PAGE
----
"Do you ever think about, like, what will happen, uh, after?"
Walt turns his head, confused, ”What do you mean?”
Mr. White is staring at him, focused and too close and suddenly Jesse regrets ever taking this topic into consideration in the first place. So he does what they’ve both grown to be pretty good at; he looks the other way.
He looks at the ugly camping chairs on the walls of the RV, their clothes spread out over the floor, the fucking key that’s still in the ignition and then down at where he’s lying on his 50 year old ex chem-teachers plaid shirt, naked. He smiles, and it all feels a bit bitter sweet.
Walt puts a hand on his shoulder and goes, “No. Come on, tell me.” and his voice is anything but commanding, just a simple request out of genuine curiosity.
It feels odd, like he’s dreaming or stepped into some kind of sick limbo where Mr. White actually gives a shit and it feels so good, so he doesn’t question it — he doesn’t question him — ‘cause it’s worked this far, right? and he just savors the moment, not knowing how many they got left.
And Jesse knows he doesn’t have to reply, yet he does.
"The cancer. I mean, you say it’s a death sentence, right? Do you ever think about what will happen, you know, after…" He runs a hand through his hair. What am I doing?
"God, never mind, okay? I’m sorry I brought it up."
"You mean what I think will happen after I die?"
and hearing the brutal reality through the haze of this sweet unreality brought Jesse close to tears. His throat feels too small, like he can’t get a full breathe of air, and he wants to run away and hide, to just drop this conversation as soon as humanly possible, but this time he doesn’t look away. He looks right at Mr. White, wants to blurt out every stupid question he’s kept to himself over the past months.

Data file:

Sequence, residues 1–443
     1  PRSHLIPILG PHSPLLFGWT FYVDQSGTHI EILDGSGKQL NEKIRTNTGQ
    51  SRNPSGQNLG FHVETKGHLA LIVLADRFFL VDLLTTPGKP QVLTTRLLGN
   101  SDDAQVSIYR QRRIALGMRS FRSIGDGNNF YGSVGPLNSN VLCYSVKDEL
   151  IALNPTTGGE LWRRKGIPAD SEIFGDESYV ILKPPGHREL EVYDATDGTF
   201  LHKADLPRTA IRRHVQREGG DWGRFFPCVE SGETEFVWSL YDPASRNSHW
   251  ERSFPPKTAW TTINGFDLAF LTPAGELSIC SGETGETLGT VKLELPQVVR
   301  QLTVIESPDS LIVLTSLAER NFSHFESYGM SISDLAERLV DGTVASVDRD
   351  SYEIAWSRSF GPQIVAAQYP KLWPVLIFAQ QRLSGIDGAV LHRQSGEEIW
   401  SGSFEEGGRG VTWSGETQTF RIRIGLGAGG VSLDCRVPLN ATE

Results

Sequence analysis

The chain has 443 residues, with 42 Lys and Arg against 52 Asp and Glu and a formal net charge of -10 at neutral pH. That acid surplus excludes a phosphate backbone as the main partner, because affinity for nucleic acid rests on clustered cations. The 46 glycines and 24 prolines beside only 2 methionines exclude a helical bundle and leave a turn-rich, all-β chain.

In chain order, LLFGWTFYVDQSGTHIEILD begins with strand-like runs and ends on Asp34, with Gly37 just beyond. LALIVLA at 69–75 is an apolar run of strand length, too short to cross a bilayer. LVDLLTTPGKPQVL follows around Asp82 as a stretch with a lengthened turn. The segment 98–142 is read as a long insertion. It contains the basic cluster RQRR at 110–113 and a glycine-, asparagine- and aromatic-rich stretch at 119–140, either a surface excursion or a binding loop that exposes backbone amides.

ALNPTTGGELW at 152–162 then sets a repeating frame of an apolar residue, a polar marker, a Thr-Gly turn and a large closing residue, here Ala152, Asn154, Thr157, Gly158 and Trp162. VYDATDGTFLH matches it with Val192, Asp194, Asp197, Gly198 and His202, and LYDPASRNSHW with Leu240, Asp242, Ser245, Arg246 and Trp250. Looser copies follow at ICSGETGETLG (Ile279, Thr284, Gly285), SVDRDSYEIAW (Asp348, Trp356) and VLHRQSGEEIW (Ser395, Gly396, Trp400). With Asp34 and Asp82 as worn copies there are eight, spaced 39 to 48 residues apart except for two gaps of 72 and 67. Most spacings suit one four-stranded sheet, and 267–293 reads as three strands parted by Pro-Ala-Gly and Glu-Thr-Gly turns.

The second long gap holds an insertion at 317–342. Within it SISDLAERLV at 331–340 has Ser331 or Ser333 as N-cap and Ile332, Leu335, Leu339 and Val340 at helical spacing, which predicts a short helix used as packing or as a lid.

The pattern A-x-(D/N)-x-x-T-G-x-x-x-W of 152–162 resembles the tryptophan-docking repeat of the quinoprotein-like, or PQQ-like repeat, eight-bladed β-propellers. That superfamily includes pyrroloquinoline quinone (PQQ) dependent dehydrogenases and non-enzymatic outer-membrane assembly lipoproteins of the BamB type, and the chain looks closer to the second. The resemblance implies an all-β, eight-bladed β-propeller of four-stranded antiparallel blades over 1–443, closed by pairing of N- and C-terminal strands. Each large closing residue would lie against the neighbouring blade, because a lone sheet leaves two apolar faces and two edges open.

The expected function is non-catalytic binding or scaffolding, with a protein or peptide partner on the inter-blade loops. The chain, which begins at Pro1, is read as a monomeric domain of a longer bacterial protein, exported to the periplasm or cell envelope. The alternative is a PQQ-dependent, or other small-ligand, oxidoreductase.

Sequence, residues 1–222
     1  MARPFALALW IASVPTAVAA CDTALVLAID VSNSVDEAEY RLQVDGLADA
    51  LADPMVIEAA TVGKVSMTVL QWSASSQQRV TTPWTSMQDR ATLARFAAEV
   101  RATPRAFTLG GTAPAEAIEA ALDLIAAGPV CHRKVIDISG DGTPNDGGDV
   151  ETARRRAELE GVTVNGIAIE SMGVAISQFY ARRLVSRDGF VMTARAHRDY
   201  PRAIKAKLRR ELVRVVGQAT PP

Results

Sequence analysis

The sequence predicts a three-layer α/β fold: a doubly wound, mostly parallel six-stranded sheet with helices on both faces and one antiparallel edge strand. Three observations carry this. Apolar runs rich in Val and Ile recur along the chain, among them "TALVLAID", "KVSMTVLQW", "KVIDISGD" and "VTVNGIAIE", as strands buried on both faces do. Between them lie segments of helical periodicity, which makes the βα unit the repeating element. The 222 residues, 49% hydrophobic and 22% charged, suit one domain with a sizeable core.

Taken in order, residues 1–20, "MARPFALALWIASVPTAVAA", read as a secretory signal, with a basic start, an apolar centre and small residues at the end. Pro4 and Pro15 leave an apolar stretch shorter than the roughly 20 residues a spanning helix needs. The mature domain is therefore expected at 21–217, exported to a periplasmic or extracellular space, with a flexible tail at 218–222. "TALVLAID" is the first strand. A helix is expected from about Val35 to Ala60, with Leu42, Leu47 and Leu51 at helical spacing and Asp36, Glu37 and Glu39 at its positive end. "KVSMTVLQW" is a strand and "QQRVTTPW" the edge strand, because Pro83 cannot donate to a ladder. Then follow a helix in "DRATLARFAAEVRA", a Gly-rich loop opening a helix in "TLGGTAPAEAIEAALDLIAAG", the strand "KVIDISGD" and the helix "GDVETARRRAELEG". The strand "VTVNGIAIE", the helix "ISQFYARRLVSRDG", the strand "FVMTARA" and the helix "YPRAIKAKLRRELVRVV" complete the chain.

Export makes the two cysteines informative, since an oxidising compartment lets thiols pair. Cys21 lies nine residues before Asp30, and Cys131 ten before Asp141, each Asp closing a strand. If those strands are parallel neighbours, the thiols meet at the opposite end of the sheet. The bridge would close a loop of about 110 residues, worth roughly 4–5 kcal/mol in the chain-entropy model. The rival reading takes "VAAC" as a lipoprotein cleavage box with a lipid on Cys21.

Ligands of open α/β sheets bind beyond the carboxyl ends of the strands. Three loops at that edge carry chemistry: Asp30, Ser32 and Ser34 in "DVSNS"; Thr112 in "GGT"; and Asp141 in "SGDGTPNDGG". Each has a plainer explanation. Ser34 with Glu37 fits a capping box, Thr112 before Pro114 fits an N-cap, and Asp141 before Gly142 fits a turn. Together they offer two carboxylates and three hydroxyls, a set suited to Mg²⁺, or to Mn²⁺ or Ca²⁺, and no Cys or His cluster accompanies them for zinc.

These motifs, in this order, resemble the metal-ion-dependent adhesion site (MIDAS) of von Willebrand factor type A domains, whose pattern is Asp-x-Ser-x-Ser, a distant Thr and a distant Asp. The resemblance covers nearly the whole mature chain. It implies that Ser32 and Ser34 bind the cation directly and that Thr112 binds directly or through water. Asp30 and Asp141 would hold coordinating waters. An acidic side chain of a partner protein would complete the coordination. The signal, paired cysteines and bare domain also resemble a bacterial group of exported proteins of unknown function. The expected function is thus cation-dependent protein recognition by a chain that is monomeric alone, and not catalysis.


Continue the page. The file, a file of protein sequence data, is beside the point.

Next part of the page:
You have enough money, so why are we still doing this? Why are we actually doing this? What are we even doing? Do you want to do this? Do you want to do this with me, or am I all you got? If I’m not, do you want me? Am I good enough for you? Could I be? How?
But he doesn’t question it. Never.
He just sighs, feeling tired. So tired. and says, “Yeah.”
Walt stays quiet, like he’s considering an answer, then settles for
"You know what? I don’t think about it all that often."
and Jesse is a bit surprised at the short answer, to say at least. So when Mr. White keeps talking he sits up a bit more, resting his head on his hand and listens curiously at what he’s got to say.
"Ever since my diagnosis, I don’t worry about the inevitable. Ah, yes. I’ve been here before. It was with Hank. I told him — God, what did I tell him?" Mr. White looked up at the low roof of the RV, the realization falling obvious over his face, then turned towards him. Looking right at him.
"I told him I was scared. No, that I’ve been scared. Scared of what I could not control. And I told him… I told him that fear, that’s the enemy."
"So, what? You’re not scared?"
"We all die, Jesse. The only difference between you and me is that I’ve come to accept it."
Jesse got quiet. And once again, he looked away.
He looked at their work station, as Mr. White preferred to call it, then looked at the half empty bags of Funyuns on top of it, looked at the door, the bullet holes on it, the two seats they’ve sat in so many times, talked, argued, agreed, got lost on the road, found a way back home, and maybe once or twice, when Mr. White would let his walls downs and let him in, laughed. He was hit with a sudden wave of nostalgia.
"I’ll miss you."
Walt sighed and leaned over him, stroking his sides. He looked sad.